PARIS (AP) — Four French journalists kidnapped and held for 10 months in Syria returned home Sunday to joyful families, a presidential welcome and questions about how France managed to obtain their freedom from Islamic extremists.
The four — Edouard Elias, Didier Francois, Nicolas Henin and Pierre Torres — were freed by their kidnappers a day earlier at the Turkish border. They were captured in two separate incidents last June.
At an emotional welcome ceremony at Villacoublay military airport outside Paris, President Francois Hollande saluted their return as "a moment of joy" for France.
"This is a day of great joy for them as you can imagine, for their families ... but it is a day of great joy for France," he said.
Hollande saluted Turkish authorities for helping in the journalists' return but did not elaborate.
"It's such a delight and a relief to be free, to see the sky ... to breath the fresh air, to walk, to talk to you," said Francois, a noted war reporter for Europe 1.
Elias, a freelance photographer, also was working for Europe 1 radio. Henin and Torres are freelance journalists.
Later, Foreign Minister Laurent Fabius reiterated "France does not pay ransom" for hostages in an interview with Europe 1 radio. He also said no weapons were delivered to the Islamic radicals holding the four.
"There was no question of contact with the Syrian government" of Bashir Assad, whom France and other Western nations blame for Syria's civil war and want removed from power, Fabius said.
"So it was of another nature," he said, suggesting some bargain was struck.
The journalists' captors have not been formally identified, although the Islamic State of Iraq and the Levant, among the most radical of the Islamic groups operating in Syria, is a main suspect. A Syrian who served as translator and guide for two of the journalists said that breakaway al-Qaida group surely captured them in the eastern province of Raqqa.
Hussam al-Ahmad, 23, told The Associated Press that Henin and Torres aroused the fighters' suspicion after they entered a school and asked to take pictures of the fighters as they played soccer. The journalists were seized four days after an initial interrogation, al-Ahmad said.
Francois said the captivity "was long but we never doubted" in an eventual liberation. He said journalists need to go to Syria — the world's most dangerous conflict for them — because someone must describe the civil war there to the world.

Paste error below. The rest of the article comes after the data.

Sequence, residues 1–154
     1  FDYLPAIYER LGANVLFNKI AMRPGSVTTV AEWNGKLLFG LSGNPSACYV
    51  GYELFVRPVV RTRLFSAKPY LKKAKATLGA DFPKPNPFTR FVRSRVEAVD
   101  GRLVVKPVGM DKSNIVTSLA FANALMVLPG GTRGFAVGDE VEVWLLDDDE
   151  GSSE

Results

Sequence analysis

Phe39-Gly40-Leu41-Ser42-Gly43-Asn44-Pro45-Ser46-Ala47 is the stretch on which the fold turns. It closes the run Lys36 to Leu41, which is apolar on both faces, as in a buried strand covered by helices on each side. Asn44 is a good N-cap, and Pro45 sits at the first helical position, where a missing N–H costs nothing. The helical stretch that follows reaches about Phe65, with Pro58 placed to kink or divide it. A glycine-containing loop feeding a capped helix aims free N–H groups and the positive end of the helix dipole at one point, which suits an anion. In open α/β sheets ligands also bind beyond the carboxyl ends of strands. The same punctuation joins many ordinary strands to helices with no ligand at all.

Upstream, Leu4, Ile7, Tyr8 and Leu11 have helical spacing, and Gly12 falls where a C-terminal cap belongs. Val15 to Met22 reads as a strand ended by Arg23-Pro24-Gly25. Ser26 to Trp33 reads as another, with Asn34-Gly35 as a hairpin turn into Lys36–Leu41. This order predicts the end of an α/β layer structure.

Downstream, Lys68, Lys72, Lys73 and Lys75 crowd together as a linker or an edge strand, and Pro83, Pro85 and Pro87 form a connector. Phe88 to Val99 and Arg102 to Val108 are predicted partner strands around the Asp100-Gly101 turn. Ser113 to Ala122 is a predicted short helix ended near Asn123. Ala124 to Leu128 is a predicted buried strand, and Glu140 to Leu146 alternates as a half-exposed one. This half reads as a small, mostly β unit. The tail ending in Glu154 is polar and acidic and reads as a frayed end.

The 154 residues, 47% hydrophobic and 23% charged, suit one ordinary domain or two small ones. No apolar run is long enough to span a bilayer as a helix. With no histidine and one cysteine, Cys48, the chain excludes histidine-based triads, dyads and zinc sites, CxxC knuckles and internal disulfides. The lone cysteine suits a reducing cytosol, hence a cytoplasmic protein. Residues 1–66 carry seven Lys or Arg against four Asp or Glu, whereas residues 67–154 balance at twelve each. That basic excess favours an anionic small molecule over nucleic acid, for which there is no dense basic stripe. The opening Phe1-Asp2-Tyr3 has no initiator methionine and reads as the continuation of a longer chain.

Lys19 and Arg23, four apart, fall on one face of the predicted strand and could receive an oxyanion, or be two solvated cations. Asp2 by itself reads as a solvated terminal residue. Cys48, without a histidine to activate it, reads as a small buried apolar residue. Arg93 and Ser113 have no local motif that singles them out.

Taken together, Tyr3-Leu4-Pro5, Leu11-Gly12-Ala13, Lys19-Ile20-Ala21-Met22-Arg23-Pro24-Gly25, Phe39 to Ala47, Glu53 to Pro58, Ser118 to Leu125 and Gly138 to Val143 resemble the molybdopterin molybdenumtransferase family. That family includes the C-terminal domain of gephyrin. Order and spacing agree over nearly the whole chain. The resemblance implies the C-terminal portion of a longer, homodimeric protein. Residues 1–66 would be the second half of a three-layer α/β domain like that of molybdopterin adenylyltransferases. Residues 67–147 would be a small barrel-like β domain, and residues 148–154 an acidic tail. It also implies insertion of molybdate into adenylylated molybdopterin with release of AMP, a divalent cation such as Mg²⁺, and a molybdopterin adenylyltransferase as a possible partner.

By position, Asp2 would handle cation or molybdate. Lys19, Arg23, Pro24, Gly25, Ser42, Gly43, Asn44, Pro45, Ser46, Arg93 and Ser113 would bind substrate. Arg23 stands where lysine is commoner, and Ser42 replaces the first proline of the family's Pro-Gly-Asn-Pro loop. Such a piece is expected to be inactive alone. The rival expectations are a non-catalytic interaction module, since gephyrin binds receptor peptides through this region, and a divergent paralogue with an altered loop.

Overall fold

"Our families suffered" for this choice, he said, his voice cracking with emotion.
Henin, his young child in his arms, said in brief remarks that he was "not always" treated well in captivity but did not elaborate. He told France 24 TV station earlier he was held in "about 10 places of captivity, prisons, mostly with other people."
Just before being freed, Henin said the group was offered extra food but hardly given time to eat.
"Minutes later, they said, 'Let's go. To the border.'"
Fabius denied a Turkish media report that the freed hostages were left blindfolded and handcuffed at the border. He said French authorities had known for two weeks that "things were nearing."
Syria is considered the world's most dangerous assignment for journalists. The New York-based Committee to Protect Journalists said in April that 61 journalists were kidnapped in Syria in 2013, while more than 60 have been killed since the conflict began in 2011.
The widespread abductions of journalists is unprecedented and has been largely unreported by news organizations in the hope that may help negotiations on freeing the captives. Jihadi groups against the Syrian government are believed to be behind most recent kidnappings.
Catherine Gaschka in Paris contributed to this report.